Last summer, to my delight a wonderful painter called Vicken Parsons asked me to write a text for her catalogue with my “poet’s head” rather than my art critic’s head. It was quite brave of her and I was nervous but the text that came out is I think far more illuminating than if I had simply approached her from an art-historical perspective. In the end, I quoted many other writers and poets and almost stitched the text together from their words. In the process I discovered a huge amount not only about Vicken’s painting but also about other painters and artists. Now, more and more, that poetic voice is infiltrating my journalism. If I land on a surreal metaphor, for example, I’ll often keep it in these days whereas before I would have discarded it as too bizarre for newspaper writing.

I’m very lucky to have an editor who loves poetry and literature and seems happy if I write in a different style. But there are always strong parameters with journalism and art criticism that you have to respect and that too can be very useful because it keeps you tight and disciplined.

What would you say is the principle difference between poetry and prose? Or rather, did you start with prose in order to approach poetry?
The answer is both simple and complicated. Mimi Khalvati devoted a lesson to this question and after we had all said things like ‘poems are more mysterious’, ‘poems are a space for contradiction’ ‘poems depend on rhythm’, she explained that for her the only real difference is line breaks. The poet breaks the lines deliberately whereas in prose they just run over. Of course now, many poets are not even breaking lines, they are writing in epigrams, or even quite long blocks of text. (Mimi doesn’t think this is poetry, which is quite controversial).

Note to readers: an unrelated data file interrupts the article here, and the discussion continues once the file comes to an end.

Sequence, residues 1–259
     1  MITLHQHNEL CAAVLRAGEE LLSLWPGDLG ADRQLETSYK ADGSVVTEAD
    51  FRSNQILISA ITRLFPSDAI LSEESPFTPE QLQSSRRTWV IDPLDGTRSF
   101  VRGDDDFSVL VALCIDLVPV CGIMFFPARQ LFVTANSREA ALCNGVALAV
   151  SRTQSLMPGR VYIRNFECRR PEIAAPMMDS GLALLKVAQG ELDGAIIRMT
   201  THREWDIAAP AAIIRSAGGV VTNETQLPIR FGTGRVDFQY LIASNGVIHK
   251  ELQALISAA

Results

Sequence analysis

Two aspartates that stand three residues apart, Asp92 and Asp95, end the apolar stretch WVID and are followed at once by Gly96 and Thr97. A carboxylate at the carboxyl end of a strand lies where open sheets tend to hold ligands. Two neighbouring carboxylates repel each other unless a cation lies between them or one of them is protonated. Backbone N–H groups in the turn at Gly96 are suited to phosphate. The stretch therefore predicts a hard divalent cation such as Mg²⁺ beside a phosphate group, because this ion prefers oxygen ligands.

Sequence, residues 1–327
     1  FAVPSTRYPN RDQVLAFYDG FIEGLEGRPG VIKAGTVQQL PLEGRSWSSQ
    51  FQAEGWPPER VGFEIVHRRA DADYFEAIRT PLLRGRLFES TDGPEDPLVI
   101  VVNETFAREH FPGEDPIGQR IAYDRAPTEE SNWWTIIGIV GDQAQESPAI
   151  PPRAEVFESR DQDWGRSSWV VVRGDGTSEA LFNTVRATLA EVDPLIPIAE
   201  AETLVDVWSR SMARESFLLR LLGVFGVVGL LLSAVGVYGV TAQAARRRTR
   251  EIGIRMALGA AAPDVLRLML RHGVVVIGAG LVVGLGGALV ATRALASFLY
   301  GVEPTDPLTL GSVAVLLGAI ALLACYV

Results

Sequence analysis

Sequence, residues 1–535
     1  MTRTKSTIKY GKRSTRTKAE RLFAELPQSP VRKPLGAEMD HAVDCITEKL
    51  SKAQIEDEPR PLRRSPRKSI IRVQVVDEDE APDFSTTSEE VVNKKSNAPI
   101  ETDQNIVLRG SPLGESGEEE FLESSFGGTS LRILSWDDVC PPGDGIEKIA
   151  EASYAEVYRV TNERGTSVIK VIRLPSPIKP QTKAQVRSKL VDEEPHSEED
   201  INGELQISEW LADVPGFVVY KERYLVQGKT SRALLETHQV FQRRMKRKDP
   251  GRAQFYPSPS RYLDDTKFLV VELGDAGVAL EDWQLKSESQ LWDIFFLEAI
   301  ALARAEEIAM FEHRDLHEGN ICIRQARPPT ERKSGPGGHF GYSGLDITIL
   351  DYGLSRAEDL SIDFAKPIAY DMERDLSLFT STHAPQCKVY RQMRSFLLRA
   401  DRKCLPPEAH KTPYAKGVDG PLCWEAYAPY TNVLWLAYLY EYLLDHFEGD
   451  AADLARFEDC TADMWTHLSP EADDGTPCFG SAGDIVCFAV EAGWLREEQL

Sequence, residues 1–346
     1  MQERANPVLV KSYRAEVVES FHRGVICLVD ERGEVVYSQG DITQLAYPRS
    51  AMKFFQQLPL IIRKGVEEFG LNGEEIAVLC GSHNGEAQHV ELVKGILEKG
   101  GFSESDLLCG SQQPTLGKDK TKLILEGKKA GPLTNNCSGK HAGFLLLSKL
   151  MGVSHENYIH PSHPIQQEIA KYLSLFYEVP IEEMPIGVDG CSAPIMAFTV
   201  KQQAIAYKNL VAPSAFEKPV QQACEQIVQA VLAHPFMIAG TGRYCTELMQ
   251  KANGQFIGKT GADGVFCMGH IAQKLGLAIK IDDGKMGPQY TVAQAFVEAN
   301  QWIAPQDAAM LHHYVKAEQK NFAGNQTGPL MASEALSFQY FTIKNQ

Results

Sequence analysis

On a less concrete level however, I think poetry for many of us as both readers and writers a space where we can allow our natural sense of wonder and mystery at the world to breathe freely.

My inner world, and much of my outer world, is full of contradiction, uncertainty and paradox. It’s fractured, unfinished, incoherent, topsy-turvy in its sense of space and time… at least if you judge it against the ideal of a linear, rational narrative. I think that often linear reason is the fantasy however and the unpredictable, irrational and unprovable is more real for me.

Poetry is the place where the inexplicable is expressed and no-one tries to resolve it. They just let it be. Also you are allowed to reveal how beautiful it is.

The poets who have most inspired you or who you have discovered recently that are essential to you? Or a new poet who you musnt’ miss?
This list would fill your magazine! But, briefly, Michael Ondaatje, Mimi Khalvati, Adrienne Rich, Dionne Brand are the poets I can’t really do without having close by. My most recent ‘discovery’ – though she’s incredibly famous – is Jorie Graham. Her recent work is mind-blowing. Also Alice Oswald is increasingly relevant to me, particularly the courage with which she wrote an entire poem, Dart, in the voice of a river.

What does it mean to be a poet and lead a normal life? How do you reconcile the tension between the poet, who sees material reality from a distant world which allows them to describe that reality with a concision and sensitivity others can’t achieve, and the experience of living in that material reality as well.